But let's also be realistic -- if this technology reached mass adoption, the predictable outcomes are either 1) The government outlaws it or 2) They figure out ways to work around the security

Mass adoption is a bulwark against legislation, not a promoter of it. Eg. alcohol is legal because it's popular, not because it's safer than drugs which are illegal.

But even so, a large percentage of developed countries did prohibit alcohol for a few years, both despite and because of its popularity, and it took years of people being turned into criminals before those laws were rolled back.

Popularity provides some protection, but it also creates a more desirable target for legislation amongst those who oppose it.

It seems to me that, for example, PGP is much more vulnerable to legislation than SSL, simply because of the latter's popularity. Not that I think either are currently particularly likely to be legislated.

People still puts locks and alarms in their house, even though they could avoid being burglarized through community watches and educating the public about the morals, ethics, and long term costs of stealing people's stuff.

I don't think the analogy works. This is using consumer-grade retail padlocks to keep out the world's richest and most well-equipped criminal organisation. The fact that the shops don't sell strong enough padlocks to stop them isn't the real problem: the deep-seated corruption in law enforcement allowing them to steal with impunity is.

Is it a crime for a hungry man to steal bread? None of your proposed solutions would address his needs.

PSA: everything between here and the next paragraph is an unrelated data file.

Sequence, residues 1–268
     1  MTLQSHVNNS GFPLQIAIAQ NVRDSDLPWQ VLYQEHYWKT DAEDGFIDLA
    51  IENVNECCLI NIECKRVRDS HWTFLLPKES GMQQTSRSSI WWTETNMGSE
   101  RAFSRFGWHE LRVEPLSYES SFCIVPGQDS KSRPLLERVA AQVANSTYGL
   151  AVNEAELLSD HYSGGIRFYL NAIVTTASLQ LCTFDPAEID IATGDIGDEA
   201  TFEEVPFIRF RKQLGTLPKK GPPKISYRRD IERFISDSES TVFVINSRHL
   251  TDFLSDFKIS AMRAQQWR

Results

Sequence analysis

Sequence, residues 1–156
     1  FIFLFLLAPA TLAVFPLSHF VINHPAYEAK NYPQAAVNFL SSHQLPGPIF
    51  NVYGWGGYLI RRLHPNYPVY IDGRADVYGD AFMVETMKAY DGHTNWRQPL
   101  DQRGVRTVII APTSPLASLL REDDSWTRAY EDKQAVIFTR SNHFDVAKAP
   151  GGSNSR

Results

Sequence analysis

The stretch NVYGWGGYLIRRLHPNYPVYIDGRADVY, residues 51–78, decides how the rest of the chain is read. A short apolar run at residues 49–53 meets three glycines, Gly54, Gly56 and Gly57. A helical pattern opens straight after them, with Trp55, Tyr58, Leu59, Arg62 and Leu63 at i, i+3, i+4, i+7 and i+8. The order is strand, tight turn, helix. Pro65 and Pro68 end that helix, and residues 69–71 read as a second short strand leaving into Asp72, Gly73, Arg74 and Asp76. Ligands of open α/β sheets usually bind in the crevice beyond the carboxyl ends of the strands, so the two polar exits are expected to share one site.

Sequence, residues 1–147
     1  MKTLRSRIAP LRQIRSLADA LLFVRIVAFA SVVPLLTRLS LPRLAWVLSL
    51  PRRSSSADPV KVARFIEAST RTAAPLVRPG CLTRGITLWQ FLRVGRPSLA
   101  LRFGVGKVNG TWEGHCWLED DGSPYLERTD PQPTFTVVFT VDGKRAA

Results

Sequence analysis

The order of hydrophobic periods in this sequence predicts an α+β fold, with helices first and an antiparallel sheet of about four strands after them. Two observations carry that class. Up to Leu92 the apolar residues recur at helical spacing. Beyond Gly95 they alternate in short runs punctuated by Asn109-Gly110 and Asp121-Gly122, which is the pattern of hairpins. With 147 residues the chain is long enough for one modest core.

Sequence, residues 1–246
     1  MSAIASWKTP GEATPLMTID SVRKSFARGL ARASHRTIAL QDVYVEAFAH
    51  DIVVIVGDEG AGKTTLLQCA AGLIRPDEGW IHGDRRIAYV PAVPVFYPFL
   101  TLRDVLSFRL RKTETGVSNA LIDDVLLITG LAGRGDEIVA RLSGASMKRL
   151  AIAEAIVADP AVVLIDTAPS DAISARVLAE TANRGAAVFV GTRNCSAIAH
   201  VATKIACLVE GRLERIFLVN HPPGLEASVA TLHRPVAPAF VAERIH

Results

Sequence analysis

America's government is so corrupt it is no longer democratic.

Watch this video: https://www.youtube.com/watch?v=mw2z9lV3W1g

> America's government is so corrupt it is no longer democratic.

Unfortunately yes, absolutely.

And you begin to see a direct cause-and-effect relationship between the level of corruption and the "quality" of the policy decisions that are made, example: The Iraq war. Another one: the "inertia" regarding climate change action (it's just corporate power effing it all up for us).

It really has a grave effect on all human beings on this planet. It's clear that this has become a fundamentally global problem.

You forget that we are as a whole a up-and-coming group and in 10 years, many of us will be in very powerful positions. The digital revolution did not enter mainstream before the 2000s: What we can and should do now, is talk to others, explain what is going on, share our ideas. Be the change and the world will follow.

...yes, it is.

It isn't under Sharia law.

Okay? I thought we were talking about the USA.

No doubt. The element in question is the state authorization for burglary. Letting "authorized burglars" walk into your house and take a look around when you are having dinner with your family.

Locks and Alarms are the lowest common denominator of security - it stops people from walking in but more than anything just gives an illusion of security.

More importantly, they make the distinction between a welcome entry and forced entry much clearer, which is very important from the legal point of view. It's not an illusion of security, but a precondition for a safety and recovery framework to kick in (police action, insurance, etc.)

This is a very strange way to think. In an ideal world it could be enough to just continue to use insecure services. But we are clearly not living in an ideal world, and even if all governments could be stopped from doing this type of thing there would for sure be others that would take advantage of the information. Just acting politically is not enough.

I strongly disagree with your statement that using encryption will make you passive. Instead it is the other way around: if you continue to use compromised services despite knowing the dangers you will become passive and lose your ability to think clearly about the issues at stake.

Cryptopunk's response to this is: write code, not law.

Law writers and enforces are corruptible, while code is not.

> "code is not"